LPD Chief Dekmar played role in sparking House Bill 1013, which could reshape Georgia’s mental health system

Published 9:30 am Tuesday, February 8, 2022

In late January, David Ralston, speaker of the House of Representatives in Georgia announced he had filed House Bill 1013, a comprehensive bill to reform Georgia’s mental health care delivery system. 

Ralston noted that the crisis of mental health instability touches almost every family in the state, drains the county and state of economical productivity and intersects with the state’s public safety.

LaGrange Police Chief Lou Dekmar played a role in helping the bill get introduced. He was appointed to the Georgia Behavioral Health Reform and Innovation Commission by Ralston and has worked on various initiatives to address police interaction with mentally unstable individuals, including the One Mind campaign, a police response program to mental illness.

Dekmar was present at the press conference Ralston held when the bill was introduced.

His hope now, should the bill get passed into law, is that it will be the start of major changes to assist area law enforcement with addressing mental health crises among residents.

“A particular concern we have right now is the number of repeated encounters because of the lack of impatient care and a lack of outpatient community-based resources,” Dekmar said. “Another is the lack of enabling legislation that allows police officers to take somebody into custody when they have probable cause to believe that they are affected by mental illness, and they’re a threat to themselves or someone else.”

House Bill 1013 aims to expand Georgians’ access to mental health care by increasing the number of mental health professionals in the state, require insurance companies to cover mental health on the same level physical health is covered and give assistance to first responders when they are called into a mental health crisis.

Currently, police officers in Georgia are not allowed to take in mentally ill individuals unless they commit a crime, as noted by the Georgia Code Title 37.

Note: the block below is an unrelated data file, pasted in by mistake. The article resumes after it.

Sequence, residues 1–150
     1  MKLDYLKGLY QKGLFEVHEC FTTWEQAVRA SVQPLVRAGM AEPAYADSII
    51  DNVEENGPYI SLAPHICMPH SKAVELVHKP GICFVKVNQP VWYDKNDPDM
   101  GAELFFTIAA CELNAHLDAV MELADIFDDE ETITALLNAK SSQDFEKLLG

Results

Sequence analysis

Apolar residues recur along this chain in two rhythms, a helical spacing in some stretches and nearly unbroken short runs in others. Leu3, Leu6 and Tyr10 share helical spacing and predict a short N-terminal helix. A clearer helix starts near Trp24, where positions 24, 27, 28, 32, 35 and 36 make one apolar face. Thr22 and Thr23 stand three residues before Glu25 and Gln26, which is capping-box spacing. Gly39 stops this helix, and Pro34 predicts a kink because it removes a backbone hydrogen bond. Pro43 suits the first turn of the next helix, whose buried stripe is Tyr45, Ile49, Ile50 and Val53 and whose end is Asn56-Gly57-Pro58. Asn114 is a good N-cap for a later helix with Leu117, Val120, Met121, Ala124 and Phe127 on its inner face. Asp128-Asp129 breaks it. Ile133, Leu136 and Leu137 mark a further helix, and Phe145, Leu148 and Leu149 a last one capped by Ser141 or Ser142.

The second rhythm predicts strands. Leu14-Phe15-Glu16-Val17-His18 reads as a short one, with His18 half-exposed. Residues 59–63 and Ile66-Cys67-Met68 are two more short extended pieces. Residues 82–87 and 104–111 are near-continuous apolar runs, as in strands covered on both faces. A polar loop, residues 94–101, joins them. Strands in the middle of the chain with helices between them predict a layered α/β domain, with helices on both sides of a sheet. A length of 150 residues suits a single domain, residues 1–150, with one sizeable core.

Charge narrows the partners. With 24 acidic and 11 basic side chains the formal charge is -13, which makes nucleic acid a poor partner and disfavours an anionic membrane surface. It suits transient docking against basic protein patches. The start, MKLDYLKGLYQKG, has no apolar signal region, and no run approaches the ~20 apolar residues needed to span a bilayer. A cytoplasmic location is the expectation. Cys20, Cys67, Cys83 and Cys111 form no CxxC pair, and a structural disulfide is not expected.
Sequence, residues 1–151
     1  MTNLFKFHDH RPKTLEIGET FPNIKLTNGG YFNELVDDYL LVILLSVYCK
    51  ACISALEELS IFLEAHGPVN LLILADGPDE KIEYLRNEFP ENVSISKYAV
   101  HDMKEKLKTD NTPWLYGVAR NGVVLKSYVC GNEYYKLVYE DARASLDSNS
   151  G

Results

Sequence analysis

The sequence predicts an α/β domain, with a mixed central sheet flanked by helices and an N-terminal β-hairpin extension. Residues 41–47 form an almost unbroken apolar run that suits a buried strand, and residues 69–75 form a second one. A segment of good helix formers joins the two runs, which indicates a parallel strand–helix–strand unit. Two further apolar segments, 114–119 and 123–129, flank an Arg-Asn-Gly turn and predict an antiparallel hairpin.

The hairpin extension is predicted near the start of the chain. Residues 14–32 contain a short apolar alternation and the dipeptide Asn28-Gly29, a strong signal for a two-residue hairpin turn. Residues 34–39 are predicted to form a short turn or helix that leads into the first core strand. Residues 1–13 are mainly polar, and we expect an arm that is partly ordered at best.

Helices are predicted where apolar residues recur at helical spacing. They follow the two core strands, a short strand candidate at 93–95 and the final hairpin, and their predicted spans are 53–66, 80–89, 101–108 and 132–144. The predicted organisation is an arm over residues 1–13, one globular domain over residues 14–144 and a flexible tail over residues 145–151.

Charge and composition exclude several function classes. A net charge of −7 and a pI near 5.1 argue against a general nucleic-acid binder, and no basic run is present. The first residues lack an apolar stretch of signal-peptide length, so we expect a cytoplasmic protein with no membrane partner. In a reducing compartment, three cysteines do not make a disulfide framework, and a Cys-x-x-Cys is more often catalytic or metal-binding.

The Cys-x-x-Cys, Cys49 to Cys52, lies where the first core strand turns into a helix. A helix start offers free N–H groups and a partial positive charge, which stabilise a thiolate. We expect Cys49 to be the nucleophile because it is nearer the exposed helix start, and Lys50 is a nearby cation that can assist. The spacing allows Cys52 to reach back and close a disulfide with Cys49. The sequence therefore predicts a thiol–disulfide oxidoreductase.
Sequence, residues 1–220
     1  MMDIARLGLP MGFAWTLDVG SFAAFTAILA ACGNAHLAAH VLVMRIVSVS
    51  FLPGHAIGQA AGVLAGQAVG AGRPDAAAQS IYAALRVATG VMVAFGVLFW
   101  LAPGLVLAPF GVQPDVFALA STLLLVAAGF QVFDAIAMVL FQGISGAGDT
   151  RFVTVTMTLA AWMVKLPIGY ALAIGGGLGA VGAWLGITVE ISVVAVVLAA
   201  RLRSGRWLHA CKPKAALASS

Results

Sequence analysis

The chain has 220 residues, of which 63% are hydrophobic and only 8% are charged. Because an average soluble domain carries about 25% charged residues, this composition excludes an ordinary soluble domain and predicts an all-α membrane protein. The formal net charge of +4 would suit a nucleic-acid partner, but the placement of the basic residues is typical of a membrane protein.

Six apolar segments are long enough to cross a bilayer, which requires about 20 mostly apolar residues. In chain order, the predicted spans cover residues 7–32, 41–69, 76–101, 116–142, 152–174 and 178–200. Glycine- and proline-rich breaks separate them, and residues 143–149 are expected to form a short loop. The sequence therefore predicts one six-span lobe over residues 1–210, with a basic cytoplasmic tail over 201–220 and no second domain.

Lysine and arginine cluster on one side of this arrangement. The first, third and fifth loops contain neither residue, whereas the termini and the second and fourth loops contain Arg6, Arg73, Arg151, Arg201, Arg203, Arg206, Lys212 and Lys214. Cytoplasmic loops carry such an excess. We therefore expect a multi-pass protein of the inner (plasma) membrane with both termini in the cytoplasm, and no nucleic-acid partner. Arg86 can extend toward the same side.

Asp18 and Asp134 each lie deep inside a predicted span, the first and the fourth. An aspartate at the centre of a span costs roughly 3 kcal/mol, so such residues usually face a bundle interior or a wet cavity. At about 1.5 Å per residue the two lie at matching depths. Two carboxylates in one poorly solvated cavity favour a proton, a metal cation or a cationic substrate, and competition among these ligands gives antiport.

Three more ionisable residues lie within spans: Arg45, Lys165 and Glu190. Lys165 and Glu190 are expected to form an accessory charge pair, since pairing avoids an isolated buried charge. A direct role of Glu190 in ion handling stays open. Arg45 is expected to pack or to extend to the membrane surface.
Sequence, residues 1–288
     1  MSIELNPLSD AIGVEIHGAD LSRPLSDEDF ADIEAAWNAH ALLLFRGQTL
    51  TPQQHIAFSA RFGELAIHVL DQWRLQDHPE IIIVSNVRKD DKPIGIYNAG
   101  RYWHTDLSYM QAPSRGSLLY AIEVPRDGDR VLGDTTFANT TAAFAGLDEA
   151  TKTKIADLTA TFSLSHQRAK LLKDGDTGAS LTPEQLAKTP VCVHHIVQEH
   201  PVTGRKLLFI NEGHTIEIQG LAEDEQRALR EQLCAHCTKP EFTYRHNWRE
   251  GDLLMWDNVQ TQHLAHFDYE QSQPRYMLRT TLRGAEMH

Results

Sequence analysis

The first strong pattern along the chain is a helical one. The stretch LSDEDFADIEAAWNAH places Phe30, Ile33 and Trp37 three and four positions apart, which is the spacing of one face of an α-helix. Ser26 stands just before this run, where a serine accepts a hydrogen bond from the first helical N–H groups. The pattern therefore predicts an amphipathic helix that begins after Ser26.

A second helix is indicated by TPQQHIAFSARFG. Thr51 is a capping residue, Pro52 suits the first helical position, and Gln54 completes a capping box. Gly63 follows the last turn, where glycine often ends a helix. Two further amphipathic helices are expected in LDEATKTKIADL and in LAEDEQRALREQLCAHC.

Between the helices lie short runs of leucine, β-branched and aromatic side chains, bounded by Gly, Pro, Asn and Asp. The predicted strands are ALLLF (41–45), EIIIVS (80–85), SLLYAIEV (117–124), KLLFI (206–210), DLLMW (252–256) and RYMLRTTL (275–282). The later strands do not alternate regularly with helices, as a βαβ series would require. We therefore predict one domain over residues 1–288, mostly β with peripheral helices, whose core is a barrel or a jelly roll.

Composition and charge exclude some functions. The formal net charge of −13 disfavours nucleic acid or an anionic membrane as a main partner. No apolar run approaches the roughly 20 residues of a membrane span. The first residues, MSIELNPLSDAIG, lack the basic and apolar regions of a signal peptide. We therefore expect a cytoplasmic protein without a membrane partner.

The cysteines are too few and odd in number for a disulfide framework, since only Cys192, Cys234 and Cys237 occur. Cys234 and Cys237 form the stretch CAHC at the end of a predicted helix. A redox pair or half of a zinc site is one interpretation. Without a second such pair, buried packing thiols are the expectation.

LPD officers are trained in Crisis Intervention Training (CIT) yearly to refresh the protocol for mental health crisis situations. Dekmar said CIP training helps prevent use-of force incidents during calls. 

Dekmar said when his officers deal with a mentally ill individual, they alert family members of the person and inform them of procedures or commitment orders, or escort the individual to the emergency room if needed.

“We have to wait for someone to be hurt, someone to be victimized,” Dekmar said. “Regretfully, what has happened is a significant portion of our jail and prison populations have now become treatment centers by those affected by mental illness.”

House Bill 1013 has the potential to ultimately decriminalize mental illness and allow officers to issue assistance to a mentally ill individual almost immediately.

Section 3 of the 74-page particularly notes law enforcements would be allowed to bring in a mentally ill individual to receive treatment if they are evaluated to be at risk.

“A peace officer may take any person to a physician within the county or an adjoining county for emergency examination by the physician or directly to an emergency receiving facility,” it reads.

“The peace officer shall execute a written report detailing the circumstances under which the person was taken into custody, and this report shall be made a part of the patient’s clinical record. If the person is committing a penal offense, the peace officer need not formally tender charges against the person prior to taking the person to a physician or an emergency receiving facility.”

Another major issue Dekmar pointed out is Troup County’s access to mental health receiving facilities. The closest facility of this kind is in Newnan.

“When we take a person to the emergency room, often times they are released in a very short period of time with inadequate treatment,” he said.

“I’m hopefully we can get community resources. Once there’s a determination and they’re stabilized, when they come back, they can continue to get adequate follow-up.”